As was the case with season one, the cases almost all follow the patented NCIS formula: someone connected with naval services is drawn into a crime and the team must investigate. The searches allow the team to cover wide expanses of New Orleans beautifully whether it be the French Quarter, the cemeteries, the bayou, the riverbanks, the Garden District, or the surrounding parishes. Whether searching for a stolen guided missile, investigating the mysterious crash of a fighter jet, looking into the death of a Navy drone pilot, hurriedly examining a potential germ warfare outbreak, studying the robbing of treasure in burial crypts, or searching for the source of the poisoning of a Navy lieutenant and an Army general, the team works together as a well-oiled machine in eventually getting to the truth. There are fewer chases, explosions, and street warfare than in NCIS: Los Angeles (though there certainly are some of both on display), and occasionally episodes will stand out from the norm. There’s a beautiful episode where the team races against time to find a stolen heart for a transplant on a certified computer genius, and the Christmas episode finds Pride and recurring character Douglas Hamilton (Steven Weber), once a shady city councilman and now New Orleans mayor, kidnapped by a former acquaintance of one of them who’s convinced they have information to spill about the death of his wife. There is also a freedom fighting domestic terrorist group The Militia who wreak havoc through several episodes of the season and even put a hefty bounty on Pride’s head for his murder. Though there were no official visits from the other NCIS series personnel as there were in season one, there was a crossover episode with NCIS “Sister City” which began on the mothership and concluded in the next hour in New Orleans with actors from one show appearing on the other.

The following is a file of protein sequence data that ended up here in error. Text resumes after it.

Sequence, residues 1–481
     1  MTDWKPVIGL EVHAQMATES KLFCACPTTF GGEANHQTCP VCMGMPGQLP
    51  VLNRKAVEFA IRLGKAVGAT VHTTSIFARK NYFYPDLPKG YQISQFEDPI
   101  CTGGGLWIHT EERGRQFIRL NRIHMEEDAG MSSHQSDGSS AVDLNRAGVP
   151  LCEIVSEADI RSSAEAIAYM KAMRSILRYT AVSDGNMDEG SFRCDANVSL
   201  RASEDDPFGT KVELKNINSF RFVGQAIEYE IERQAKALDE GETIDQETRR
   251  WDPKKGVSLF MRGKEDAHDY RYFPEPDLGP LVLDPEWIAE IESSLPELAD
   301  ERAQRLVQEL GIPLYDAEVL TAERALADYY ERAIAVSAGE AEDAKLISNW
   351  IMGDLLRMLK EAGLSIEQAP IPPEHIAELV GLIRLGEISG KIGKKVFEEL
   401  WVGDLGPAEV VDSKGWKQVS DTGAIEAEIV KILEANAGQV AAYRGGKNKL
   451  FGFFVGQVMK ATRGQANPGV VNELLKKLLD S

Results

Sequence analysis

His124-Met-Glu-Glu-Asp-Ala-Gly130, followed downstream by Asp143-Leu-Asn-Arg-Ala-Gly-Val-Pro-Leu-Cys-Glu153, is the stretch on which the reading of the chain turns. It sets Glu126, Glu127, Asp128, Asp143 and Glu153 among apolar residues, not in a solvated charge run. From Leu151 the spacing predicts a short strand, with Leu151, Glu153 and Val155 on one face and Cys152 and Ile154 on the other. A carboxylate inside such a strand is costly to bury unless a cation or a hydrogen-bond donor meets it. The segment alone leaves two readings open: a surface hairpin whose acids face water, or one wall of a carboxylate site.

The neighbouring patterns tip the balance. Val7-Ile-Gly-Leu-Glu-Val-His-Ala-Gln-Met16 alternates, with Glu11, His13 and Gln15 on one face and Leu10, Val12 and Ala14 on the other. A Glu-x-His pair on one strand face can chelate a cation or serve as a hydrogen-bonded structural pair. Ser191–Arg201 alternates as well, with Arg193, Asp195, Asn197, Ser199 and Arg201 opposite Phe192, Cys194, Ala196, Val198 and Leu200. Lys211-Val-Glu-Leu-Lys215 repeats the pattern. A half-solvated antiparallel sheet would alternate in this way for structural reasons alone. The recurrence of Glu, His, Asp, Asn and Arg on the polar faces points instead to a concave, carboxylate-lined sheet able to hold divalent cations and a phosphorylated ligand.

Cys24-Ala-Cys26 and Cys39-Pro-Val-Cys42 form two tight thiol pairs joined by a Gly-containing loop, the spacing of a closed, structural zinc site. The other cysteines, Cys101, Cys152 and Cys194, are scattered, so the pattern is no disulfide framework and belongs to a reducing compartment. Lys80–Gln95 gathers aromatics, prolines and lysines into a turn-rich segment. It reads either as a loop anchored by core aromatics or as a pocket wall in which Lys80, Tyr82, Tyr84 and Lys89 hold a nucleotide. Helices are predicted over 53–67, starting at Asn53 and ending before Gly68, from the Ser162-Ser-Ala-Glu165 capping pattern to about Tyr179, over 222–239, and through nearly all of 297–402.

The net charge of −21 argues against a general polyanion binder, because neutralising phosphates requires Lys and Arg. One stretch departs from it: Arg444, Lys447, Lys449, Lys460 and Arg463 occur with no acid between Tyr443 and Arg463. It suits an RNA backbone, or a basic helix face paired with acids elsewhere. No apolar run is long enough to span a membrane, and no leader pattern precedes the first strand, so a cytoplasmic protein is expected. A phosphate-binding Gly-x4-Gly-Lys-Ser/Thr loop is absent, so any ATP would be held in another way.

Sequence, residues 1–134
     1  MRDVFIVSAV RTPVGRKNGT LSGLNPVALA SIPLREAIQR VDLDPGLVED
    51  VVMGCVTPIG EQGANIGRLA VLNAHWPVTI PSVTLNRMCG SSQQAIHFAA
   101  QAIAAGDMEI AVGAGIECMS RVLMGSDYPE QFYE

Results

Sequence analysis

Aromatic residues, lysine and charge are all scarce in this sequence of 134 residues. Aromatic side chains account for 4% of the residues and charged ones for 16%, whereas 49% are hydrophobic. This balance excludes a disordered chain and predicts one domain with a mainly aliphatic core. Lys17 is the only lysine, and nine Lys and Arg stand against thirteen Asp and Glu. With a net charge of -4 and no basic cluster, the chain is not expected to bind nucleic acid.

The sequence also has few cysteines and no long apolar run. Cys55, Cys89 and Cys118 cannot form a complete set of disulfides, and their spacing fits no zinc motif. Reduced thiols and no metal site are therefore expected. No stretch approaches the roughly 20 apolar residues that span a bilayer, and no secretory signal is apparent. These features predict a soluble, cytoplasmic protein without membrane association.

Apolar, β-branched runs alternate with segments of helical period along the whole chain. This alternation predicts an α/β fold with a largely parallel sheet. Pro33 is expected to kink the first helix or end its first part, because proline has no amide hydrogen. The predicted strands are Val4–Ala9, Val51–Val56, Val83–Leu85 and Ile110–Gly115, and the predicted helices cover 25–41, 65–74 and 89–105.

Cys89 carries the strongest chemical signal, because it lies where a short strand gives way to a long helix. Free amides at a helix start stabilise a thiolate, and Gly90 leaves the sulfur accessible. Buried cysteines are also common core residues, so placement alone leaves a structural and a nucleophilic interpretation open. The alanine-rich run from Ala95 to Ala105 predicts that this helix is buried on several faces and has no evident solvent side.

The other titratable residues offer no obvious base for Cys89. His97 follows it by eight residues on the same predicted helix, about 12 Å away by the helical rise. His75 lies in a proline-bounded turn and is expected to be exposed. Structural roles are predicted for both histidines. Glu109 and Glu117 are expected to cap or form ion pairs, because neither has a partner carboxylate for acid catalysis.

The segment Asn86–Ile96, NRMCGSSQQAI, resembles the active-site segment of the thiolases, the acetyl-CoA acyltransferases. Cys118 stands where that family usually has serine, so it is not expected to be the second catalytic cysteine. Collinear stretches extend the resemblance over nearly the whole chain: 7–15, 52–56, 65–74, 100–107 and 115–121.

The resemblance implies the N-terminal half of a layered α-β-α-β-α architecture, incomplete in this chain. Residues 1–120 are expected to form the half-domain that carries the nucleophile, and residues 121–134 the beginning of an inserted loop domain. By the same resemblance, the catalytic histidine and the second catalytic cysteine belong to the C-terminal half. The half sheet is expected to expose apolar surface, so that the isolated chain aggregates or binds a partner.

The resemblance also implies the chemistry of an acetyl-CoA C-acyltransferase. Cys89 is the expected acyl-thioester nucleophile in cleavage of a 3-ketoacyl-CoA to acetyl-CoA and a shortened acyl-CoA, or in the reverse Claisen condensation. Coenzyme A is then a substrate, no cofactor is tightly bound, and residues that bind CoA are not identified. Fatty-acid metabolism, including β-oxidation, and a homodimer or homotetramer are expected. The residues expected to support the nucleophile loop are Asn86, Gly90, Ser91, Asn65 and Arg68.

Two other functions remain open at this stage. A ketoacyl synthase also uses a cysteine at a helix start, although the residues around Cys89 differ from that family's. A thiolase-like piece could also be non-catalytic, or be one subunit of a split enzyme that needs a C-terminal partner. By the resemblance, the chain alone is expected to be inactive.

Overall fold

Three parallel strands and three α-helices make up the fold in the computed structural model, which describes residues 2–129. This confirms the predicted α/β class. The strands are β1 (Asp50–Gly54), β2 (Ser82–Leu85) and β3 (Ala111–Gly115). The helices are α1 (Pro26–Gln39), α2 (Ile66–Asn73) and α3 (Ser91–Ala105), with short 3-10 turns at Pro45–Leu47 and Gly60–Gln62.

Scott Bakula’s presence and likability factor make him a firm anchor for the show, and he’s taken quiet command of the program just as he had on his previous successful series Quantum Leap and Enterprise. Lucas Black’s combination of easy humor and intense action make him a good fit for the show even if the writers seem to be pushing him and brusque co-star Shalita Grant’s Sonya Percy into the kind of office flirtation that Tony and Ziva made a long-running audience hook on the original series only here it’s more strained. Zoe McLellan seems to have been pushed a bit aside during the season in favor of Shalita Grant’s character, so it was no big surprise that the actress announced she won’t be returning for season three (though both of her running arcs this season with the investigation into her sister’s murder and her involvement late in the season with DHS Agent John Russo (Ivan Sergei) showed her in top form). The wonderful CCH Pounder is always a welcome presence in any role, and she’s certainly welcome here as the plain-talking, quick-quipping medical examiner struggling with parenting for the first time in several episodes. Rob Kerkovich gets the geek/eccentric comic role and is as fine a male substitute for the mothership’s Abby Sciuto as anyone could be. The writers have tried to establish a rather tiresome rivalry between Rob’s Sebastian and Daryl Mitchell’s wise-acre Patton as they strive for tech supremacy, but Mitchell’s persona is mostly off-putting braggadocio while Kerkovich’s nerdy motormouth earns far more laughs.